Why Your Scrum Team Needs a Release Plan

Scrum Release Plan Sets Expectations with Management

When teams transition to Agile Scrum, they may decide the only required planning is Sprint Planning. These teams feel that because they are Agile, they don’t have to plan beyond the next Sprint boundary.

Most of us work in a corporate world, where upper management wants to know when the project is expected to finish and the estimated completion dates for major features and interim deliverables. Since these managers’ budgets pay our salaries, we need to find Agile ways to plan projects and deliver them using Scrum.

Teams that plan for Feature releases can still remain true to Scrum. Both the Scrum Alliance and Agile Alliance mention release planning, but they don’t provide a process to accomplish the task.

For this reason, several methodologies have sprung up to fill the gap and put a project management wrapper around Scrum. The biggest players are Scaled Agile Framework (SAFe), Disciplined Agile Delivery (DAD) and Large Scale Scrum (LeSS).

To be honest, when I look at those websites, I get dizzy trying to read their process diagrams. The processes don’t feel very Agile at all.

At GSD Mindset, we are big proponents for creating a Release Plan, but we advocate an approach that more closely aligns with Agile and Scrum.The top half of the GSD Scrum Funnel© illustrates our approach.

GSD Agile Scrum Funnel

GSD Scrum Funnel

Simplify the Release Plan Process

  • Divide the application into logical Feature Sets or Epics (in Scrum terms)
  • Break down each Epic into completed deliverable Components
  • Prioritize the Components
  • Organize the Components into a Quarterly Release Plan
  • Start writing Stories for 1st Sprint
  • Release Component functionality and pivot as customers use the product

Most people get the concept of identifying the high-level Features or Epics. From here, Scrum expects the Product Owner to start writing Stories about tiny slices of functionality required to build the Epic. Most new Product Owners find it difficult start with the concept of a completed Feature and immediately know what Stories to write. The intermediate step of breaking down an Epic into its Component deliverables fills the gap.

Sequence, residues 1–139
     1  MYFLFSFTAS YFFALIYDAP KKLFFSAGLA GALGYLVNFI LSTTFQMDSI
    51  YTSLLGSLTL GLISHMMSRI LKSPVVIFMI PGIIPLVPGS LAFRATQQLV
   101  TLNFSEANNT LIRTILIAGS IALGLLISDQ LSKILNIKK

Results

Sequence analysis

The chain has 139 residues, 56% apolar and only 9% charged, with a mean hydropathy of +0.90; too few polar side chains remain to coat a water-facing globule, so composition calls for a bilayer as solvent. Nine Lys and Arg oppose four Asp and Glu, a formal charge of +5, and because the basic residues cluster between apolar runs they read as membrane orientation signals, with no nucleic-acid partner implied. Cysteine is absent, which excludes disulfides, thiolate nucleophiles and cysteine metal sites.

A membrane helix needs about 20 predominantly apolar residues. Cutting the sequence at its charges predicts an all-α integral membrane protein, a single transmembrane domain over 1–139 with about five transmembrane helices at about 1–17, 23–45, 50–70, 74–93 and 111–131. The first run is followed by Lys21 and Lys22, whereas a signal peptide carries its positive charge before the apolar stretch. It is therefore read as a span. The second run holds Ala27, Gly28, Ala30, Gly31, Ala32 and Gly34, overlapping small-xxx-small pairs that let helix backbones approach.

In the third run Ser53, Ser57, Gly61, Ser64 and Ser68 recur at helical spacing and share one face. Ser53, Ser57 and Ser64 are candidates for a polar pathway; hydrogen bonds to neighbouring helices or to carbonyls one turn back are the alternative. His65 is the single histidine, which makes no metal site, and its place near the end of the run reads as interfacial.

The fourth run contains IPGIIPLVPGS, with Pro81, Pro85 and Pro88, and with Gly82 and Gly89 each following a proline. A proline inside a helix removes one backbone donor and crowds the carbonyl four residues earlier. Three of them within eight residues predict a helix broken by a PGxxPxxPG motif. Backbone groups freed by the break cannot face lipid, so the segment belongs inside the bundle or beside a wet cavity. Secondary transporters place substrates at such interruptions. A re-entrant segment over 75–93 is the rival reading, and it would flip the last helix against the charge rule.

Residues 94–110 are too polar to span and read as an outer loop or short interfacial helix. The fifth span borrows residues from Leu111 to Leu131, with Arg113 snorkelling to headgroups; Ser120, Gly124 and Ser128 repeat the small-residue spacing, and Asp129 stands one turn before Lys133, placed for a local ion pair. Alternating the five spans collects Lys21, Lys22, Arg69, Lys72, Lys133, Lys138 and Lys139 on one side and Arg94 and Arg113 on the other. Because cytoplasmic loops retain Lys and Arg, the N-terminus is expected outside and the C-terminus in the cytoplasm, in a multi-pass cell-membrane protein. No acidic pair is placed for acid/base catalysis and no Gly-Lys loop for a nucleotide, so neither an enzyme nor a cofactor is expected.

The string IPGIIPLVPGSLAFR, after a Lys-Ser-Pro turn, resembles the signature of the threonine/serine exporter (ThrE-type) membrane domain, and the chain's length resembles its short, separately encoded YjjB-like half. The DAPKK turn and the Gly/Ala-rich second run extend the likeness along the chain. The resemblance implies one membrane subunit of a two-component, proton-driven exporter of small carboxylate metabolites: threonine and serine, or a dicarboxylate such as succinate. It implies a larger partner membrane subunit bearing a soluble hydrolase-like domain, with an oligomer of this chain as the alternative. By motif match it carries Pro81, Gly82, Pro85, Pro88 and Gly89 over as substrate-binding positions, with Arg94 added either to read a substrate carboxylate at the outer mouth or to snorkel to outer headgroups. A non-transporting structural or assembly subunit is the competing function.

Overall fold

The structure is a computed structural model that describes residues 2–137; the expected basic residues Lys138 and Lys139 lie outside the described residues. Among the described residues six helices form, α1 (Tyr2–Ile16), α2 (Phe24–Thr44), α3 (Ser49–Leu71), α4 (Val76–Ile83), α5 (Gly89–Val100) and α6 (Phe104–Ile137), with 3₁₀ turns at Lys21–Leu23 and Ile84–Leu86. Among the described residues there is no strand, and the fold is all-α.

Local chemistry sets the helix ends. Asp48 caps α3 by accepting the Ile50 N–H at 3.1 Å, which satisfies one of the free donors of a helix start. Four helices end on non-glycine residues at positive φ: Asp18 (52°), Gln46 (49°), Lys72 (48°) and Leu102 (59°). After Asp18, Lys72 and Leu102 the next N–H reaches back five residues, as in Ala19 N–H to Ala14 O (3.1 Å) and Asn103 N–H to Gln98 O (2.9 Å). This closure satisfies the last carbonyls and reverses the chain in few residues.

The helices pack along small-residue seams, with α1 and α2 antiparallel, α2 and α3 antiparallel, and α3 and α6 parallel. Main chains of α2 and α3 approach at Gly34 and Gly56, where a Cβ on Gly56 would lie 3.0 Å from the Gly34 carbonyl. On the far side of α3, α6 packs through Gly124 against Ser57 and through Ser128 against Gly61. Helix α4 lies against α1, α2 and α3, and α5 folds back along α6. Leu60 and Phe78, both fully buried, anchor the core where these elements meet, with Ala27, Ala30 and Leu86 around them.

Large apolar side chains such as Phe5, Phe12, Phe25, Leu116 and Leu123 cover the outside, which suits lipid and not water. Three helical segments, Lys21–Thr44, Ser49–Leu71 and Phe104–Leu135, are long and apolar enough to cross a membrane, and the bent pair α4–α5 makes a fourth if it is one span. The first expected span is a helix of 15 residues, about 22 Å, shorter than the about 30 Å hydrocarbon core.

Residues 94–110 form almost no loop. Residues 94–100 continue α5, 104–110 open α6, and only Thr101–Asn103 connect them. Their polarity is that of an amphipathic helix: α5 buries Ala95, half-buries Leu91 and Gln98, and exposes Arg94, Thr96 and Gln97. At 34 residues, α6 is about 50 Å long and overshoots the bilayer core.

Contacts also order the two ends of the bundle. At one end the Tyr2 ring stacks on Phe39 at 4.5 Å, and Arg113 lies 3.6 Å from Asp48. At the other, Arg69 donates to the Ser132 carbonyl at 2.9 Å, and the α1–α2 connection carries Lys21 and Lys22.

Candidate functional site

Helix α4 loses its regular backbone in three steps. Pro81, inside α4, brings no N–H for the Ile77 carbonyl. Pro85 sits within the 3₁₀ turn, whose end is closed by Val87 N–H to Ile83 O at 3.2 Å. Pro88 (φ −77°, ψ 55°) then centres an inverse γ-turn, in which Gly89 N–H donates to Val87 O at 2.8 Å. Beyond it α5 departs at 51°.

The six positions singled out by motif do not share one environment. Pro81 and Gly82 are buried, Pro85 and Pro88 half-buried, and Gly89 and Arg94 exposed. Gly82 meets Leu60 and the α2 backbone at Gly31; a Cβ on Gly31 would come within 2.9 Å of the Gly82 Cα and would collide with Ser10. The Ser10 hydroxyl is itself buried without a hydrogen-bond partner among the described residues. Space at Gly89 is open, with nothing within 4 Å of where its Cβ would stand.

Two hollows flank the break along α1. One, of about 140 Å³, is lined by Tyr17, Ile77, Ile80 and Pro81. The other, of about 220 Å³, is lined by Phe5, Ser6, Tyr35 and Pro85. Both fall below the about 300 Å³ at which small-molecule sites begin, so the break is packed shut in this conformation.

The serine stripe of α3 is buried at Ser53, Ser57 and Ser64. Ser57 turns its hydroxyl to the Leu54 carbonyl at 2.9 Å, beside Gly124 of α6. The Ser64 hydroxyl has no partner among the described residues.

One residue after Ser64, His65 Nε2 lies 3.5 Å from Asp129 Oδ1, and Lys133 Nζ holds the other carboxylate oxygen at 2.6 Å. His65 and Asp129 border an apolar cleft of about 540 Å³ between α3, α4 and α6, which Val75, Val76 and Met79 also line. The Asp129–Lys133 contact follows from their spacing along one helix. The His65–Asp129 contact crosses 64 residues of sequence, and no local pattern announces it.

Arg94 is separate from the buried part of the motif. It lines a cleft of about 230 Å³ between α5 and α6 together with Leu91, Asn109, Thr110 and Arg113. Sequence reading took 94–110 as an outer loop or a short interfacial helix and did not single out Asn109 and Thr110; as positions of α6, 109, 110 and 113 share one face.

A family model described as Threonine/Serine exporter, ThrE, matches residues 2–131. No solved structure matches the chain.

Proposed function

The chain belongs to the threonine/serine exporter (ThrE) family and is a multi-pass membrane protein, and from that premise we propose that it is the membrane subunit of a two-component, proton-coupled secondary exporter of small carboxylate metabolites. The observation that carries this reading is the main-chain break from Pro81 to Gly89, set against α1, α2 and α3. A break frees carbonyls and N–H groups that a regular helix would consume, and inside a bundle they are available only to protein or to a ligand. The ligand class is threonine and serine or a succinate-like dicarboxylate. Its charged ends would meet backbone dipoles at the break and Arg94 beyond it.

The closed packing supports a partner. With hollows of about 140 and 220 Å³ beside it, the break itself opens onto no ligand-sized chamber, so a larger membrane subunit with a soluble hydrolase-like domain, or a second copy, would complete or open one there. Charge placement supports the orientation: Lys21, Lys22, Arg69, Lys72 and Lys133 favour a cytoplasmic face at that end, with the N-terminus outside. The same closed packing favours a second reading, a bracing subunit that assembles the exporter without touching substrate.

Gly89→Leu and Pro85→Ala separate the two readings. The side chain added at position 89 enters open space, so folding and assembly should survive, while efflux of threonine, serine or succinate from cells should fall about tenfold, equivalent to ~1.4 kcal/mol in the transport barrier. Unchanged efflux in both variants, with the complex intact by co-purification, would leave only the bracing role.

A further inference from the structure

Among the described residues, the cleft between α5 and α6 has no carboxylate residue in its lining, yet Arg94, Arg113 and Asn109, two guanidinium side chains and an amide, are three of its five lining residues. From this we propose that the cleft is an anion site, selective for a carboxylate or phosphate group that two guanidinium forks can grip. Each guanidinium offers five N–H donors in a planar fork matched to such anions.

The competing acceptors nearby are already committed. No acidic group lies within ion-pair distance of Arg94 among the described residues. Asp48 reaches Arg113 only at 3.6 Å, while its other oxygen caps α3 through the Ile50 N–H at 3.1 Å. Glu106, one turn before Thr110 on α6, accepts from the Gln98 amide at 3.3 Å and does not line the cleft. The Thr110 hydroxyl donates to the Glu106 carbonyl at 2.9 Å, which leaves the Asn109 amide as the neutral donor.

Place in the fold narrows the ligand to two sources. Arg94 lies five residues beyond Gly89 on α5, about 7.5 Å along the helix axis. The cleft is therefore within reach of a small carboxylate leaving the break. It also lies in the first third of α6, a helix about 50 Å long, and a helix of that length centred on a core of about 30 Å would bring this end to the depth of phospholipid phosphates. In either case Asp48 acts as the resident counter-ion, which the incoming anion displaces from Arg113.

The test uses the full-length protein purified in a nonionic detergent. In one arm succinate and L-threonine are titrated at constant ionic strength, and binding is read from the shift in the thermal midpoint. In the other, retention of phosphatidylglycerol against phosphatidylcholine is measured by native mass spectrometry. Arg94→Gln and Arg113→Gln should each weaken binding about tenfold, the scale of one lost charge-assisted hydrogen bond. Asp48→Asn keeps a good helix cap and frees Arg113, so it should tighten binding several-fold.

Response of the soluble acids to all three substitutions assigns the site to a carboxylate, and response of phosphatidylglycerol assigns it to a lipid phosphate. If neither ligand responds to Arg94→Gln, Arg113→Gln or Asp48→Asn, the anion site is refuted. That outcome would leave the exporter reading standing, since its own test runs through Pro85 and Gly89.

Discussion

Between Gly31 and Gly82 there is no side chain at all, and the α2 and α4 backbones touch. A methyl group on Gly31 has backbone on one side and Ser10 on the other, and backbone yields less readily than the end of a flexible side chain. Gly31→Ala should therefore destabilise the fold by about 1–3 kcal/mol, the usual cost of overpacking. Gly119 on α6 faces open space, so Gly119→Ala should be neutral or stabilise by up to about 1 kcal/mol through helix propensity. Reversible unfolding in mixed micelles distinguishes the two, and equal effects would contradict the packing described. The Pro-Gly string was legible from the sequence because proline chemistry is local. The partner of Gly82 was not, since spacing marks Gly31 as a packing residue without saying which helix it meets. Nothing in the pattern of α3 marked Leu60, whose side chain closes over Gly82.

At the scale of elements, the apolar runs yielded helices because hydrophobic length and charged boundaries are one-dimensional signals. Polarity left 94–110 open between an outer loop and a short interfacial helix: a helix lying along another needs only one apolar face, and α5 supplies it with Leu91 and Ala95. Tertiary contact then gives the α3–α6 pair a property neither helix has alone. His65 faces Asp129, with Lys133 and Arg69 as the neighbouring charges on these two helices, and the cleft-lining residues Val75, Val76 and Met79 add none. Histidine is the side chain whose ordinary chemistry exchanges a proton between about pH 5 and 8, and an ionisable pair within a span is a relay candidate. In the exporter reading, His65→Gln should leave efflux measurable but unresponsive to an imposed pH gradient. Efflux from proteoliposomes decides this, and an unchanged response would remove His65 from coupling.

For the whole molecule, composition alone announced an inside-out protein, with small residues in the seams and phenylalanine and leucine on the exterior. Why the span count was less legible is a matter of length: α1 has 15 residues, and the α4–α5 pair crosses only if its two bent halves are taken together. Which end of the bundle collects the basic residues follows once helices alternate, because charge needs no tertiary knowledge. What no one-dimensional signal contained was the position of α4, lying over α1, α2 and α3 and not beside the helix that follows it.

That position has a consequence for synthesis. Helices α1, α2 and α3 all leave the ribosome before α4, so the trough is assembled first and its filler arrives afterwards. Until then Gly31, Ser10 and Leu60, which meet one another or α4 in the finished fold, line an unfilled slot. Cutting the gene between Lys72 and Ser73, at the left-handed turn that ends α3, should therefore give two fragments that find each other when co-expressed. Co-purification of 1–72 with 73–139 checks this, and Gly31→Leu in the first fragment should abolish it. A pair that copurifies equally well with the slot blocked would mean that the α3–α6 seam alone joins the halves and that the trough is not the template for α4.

Prioritize Component Deliverables for Each Epic Before Writing Stories

Once every Epic has been broken down into Components, you can group those Components into Quarterly Releases. There are many prioritization techniques. My personal favorite is defining the Minimum Viable Product (MVP) or Minimum Marketable Feature set (MMF). Think as if you could lose funding if version 1 of the product does not meet customer needs by the end of the first quarter.

If you only have one quarter to prove the value of the product, then what must be delivered? This is a very real concern if you work at a startup or a company with budget constraints. Going through this exercise helps ensure your team delivers the highest value Components first.

Once you know the highest value Components, it’s much easier to write Stories and plan for the first Sprint.

Status Report Against Release Plan

Now, even without knowing your team’s Velocity, you can provide upper management with a Quarterly Release Plan or the list of Components your team plans to deliver each quarter. The team can status report against the plan. Once you know your Velocity, you can size the Components and begin reporting percent complete.

For more details on the GSD Mindset simplified approach to developing a Release Plan, check out:

I’d love to hear about your team’s approach to planning.
Do comment.



Cynthia Kahn

Cynthia Kahn


Cynthia Kahn
CynthiaK@gsd.guru  503.799.5500

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Project Planning Without Knowing the Details

Agile Project Planning Techniques Overcome Fear of Unknown